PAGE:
The Pew Site
When the Pew family settled in “string town,” a series of small houses
along what is now Alma School Road, they stored their hay in a raised area
enclosed by ancient mud walls. In the 1980s, this special area behind the
original Pew adobe home was still undeveloped. With plans to finally sell
this last five acres surrounded by modern homes, Joe Pew approached the
Southwest Archaeology Team for help. Would the museum be willing to excavate
before the site was removed to make way for a self-storage business?
For three years the Southwest Archaeology Team excavated the
archaeological site and recorded the historic Pew homestead in detail.
Excavations revealed a series of Classic Period (AD 1100 to 1450)
structures, both pithouses and compounds. The deeply buried pithouses,
single room structures with floors plastered with “caliche” and dating to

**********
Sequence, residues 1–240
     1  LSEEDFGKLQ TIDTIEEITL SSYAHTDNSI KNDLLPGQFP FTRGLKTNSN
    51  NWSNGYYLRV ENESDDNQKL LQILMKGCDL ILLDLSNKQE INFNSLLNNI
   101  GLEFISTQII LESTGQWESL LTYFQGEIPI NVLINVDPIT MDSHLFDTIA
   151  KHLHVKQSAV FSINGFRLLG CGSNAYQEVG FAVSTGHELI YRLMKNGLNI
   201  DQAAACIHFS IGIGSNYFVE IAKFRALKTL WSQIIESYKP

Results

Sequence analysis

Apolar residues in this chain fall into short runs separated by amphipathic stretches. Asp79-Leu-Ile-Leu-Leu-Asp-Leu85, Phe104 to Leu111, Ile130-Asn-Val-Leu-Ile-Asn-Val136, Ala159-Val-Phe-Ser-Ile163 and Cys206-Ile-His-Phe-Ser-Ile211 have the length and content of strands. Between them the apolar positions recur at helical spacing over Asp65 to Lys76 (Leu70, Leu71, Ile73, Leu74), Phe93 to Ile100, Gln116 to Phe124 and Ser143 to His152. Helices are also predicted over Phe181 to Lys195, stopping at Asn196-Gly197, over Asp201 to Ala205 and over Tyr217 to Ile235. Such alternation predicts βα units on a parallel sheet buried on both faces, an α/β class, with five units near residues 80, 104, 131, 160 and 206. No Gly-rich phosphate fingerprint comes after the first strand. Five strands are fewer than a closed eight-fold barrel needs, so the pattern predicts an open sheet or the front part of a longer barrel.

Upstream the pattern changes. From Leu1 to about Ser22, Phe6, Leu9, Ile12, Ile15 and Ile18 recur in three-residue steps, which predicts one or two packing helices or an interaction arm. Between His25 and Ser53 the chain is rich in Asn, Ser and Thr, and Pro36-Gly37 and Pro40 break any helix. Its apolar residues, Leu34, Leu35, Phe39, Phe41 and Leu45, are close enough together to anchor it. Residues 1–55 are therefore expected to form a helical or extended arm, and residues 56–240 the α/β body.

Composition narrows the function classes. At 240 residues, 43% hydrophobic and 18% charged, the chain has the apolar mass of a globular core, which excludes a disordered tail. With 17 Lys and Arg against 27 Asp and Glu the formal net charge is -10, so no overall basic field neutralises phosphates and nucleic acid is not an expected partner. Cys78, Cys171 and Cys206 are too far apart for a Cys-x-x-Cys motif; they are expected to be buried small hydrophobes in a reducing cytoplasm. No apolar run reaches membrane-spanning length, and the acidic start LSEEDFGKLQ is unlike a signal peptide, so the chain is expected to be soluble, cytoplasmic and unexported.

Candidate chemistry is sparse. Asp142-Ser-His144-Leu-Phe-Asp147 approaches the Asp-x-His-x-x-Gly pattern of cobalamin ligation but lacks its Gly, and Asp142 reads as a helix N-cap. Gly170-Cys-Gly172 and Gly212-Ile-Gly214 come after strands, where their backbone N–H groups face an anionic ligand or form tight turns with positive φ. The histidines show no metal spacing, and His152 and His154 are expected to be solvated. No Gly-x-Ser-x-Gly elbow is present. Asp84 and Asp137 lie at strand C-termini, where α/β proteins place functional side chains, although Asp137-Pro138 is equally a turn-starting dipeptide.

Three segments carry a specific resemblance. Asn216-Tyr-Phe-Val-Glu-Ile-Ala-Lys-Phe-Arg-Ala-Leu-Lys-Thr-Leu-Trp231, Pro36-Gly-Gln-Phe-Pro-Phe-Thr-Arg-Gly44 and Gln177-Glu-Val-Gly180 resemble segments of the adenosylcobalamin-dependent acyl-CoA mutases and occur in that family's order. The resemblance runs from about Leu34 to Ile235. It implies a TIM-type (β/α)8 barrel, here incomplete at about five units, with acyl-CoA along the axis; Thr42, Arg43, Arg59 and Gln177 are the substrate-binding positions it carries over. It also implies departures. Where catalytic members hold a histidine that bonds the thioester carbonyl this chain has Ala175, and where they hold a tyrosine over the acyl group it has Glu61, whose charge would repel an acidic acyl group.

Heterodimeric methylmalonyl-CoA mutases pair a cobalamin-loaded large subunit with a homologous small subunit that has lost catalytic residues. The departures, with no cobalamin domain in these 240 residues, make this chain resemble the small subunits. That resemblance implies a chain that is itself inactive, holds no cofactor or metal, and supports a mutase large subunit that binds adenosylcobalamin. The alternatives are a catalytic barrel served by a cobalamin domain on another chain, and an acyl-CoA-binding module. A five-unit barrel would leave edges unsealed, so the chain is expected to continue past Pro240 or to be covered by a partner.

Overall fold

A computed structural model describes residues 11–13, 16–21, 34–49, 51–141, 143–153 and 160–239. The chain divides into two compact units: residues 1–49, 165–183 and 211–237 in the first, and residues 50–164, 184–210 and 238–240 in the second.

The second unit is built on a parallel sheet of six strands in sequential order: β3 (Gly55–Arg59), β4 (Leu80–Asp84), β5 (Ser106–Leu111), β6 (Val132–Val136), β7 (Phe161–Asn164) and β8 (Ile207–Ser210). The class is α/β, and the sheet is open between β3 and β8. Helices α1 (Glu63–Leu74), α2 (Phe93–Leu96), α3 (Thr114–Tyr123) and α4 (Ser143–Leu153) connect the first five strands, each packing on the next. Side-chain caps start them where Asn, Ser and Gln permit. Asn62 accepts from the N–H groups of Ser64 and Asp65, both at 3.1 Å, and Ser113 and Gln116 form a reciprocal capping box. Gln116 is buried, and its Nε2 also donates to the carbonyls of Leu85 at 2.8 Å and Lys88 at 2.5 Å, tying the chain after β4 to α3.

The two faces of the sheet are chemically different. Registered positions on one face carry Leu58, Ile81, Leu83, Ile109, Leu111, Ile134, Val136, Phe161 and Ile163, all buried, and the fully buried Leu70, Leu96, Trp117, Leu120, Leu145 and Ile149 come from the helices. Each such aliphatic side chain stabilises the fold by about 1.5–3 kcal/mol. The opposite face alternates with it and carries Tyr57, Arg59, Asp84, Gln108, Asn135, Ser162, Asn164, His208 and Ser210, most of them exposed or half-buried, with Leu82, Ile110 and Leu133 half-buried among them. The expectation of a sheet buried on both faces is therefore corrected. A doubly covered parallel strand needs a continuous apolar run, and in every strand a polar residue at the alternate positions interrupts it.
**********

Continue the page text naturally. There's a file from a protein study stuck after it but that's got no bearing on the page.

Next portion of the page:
around AD 1150, were found several feet under the surface of the ground. The
pithouse structures found at the Pew Site were very large, measuring up to
14 feet in length, twice the size of the average Hohokam pithouse. After the
pithouses were abandoned, two large “compounds” dating to approximately AD
1300 were built on the ground surface above them. The occupation at the Pew
Site spanned several hundred years.
A cluster of rooms within a compound at the Pew Site.
Rooms within a compound at the Pew Site in Mesa.